A JV of Carlyle Group and Pictet to deliver "merchant banking" savvy to the art market has been recently been sold. What does this say about the art investment market today?
Chroniclers of the world’s art and investment market are scratching their heads about a recent deal by New York-based investment platform YieldStreet to buy Athena Art Finance from its owners, Carlyle Group and Pictet for far less than what was originally pumped into it.
The development suggests high finance and art do not easily or always gel.
Trade publications artnetnews and The Art Newspaper have made much of how YieldStreet (which is reportedly backed by George Soros) forked out only $170 million for Athena. Carlyle and Geneva-based Pictet had originally put $280 million into it when the organisation was originally founded in 2015.
This news service interviewed former chief executive and founder, Andrea Danese, last year, and he gave an upbeat view of how this business was attempting to apply merchant banking techniques to the art market. Cynthia Sachs recently replaced Danese as the chief executive of Athena. Danese has gone on to follow new opportunities, reports said.
YieldStreet is certainly bullish on a business such as Athena. “True to our investor-first approach, we are constantly looking for unique and attractive diversification opportunities,” Milind Mehere, founder and CEO of YieldStreet, said in a statement earlier in April. “Athena is the leading provider of credit solutions for the global art market and has scaled the business with strong growth and asset performance. Art financing is an attractive asset class with typically low correlation to the stock market and low loan-to-values, providing what we believe is both an exciting and sound new investment option for our investor community of more than 100,000 members.”
So how valid is YieldStreet’s optimism? Well, it may be that it has to tweak the business model somewhat and be more realistic about how much collateral is available and how large any loans can be, at specific interest rates. A senior art advisor in London told this news service recently that the art market doesn’t yet have the depth of liquidity, or pool of available collateral, to make the model work as effectively as Athena’s founders might have originally hoped.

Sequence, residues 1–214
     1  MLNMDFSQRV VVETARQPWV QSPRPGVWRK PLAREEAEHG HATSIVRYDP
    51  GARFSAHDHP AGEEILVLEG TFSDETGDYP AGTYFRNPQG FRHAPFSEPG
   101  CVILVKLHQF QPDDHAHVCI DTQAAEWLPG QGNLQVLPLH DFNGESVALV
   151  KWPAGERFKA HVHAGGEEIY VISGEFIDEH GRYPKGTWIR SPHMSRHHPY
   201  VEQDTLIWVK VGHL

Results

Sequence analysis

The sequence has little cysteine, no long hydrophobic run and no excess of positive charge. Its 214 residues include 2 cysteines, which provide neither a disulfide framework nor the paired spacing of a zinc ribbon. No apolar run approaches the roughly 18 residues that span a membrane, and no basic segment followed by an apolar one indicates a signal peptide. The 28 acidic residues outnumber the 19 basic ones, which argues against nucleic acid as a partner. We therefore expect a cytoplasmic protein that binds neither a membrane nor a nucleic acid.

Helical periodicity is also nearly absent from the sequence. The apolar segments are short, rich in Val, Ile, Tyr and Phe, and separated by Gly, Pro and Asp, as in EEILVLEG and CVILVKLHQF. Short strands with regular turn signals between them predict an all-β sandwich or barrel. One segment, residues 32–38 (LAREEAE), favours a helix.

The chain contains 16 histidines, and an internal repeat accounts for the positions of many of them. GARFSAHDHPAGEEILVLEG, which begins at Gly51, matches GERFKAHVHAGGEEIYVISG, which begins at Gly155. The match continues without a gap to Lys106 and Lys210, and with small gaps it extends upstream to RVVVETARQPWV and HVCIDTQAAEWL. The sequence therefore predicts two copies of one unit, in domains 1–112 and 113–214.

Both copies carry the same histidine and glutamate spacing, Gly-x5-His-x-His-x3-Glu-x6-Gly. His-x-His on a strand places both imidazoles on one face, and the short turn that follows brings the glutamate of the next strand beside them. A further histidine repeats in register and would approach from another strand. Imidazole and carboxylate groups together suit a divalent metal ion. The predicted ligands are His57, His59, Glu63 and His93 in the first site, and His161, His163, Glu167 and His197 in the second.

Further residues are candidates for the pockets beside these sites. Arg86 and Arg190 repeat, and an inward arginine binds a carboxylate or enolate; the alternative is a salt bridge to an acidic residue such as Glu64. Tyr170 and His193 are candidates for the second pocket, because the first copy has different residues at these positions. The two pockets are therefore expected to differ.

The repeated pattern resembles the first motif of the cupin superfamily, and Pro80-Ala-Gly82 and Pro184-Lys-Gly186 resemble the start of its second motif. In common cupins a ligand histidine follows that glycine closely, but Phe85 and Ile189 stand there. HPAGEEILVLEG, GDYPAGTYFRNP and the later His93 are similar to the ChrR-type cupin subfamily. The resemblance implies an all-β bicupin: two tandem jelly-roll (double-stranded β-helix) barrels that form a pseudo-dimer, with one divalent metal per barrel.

The Athena sale might also be a reality check for the art market, which to outsiders can come across as incredibly glamorous, rich and a bit mysterious. The market can certainly indicate how willing HNW individuals are to spend money – a sort of feel-good barometer. Art has at times also been touted as an inflation hedge rather like gold or forms of real estate, so it can also have a safe-haven appeal.
The sector is opening up. Modern technology has affected art investment, such as by the rise of digital auctions and more information at buyers’ fingertips. Such moves make it less opaque, but pockets of inefficiency remain. Regulators are catching up with a market sometimes known for sharp practice: recent EU anti-money laundering directives have widened the regulatory net into this area.
A number of advisors work in the art investment and collections space. Groups such as Citi Private Bank, to take an example, advise clients. In the US, this publication’s sister news service Family Wealth Report earlier this year honoured Ron Varney Fine Art Advisors for its work in the space. Art advisory is a way for wealth managers to connect with clients beyond talking about stocks and tax plans.
YieldStreet wants to “democratise” art investment and art media pundits wonder how plausible that is when the overwhelming majority of art financing involves private clients borrowing against their own art collections. But technology may prove useful, and it is perhaps easy to see why some Wall Street and City investment whizz kids reckon there’s money to be made. Consider some of the figures: artnetnews has cited data from the European Fine Art Association saying that loans to independent collectors account for up to 90 per cent of the estimated $20 billion art-finance market. The recent Art Basel and UBS report on the total art market gives a global figure of $67 billion, which may be small compared with equities or bonds but is not exactly chump change.
The Athena sale then may not be a great story for its founders in terms of how much money was made, but in capitalism, even real or perceived setbacks yield knowledge about what’s possible. What appears certain is that the art investment market isn’t done with innovation.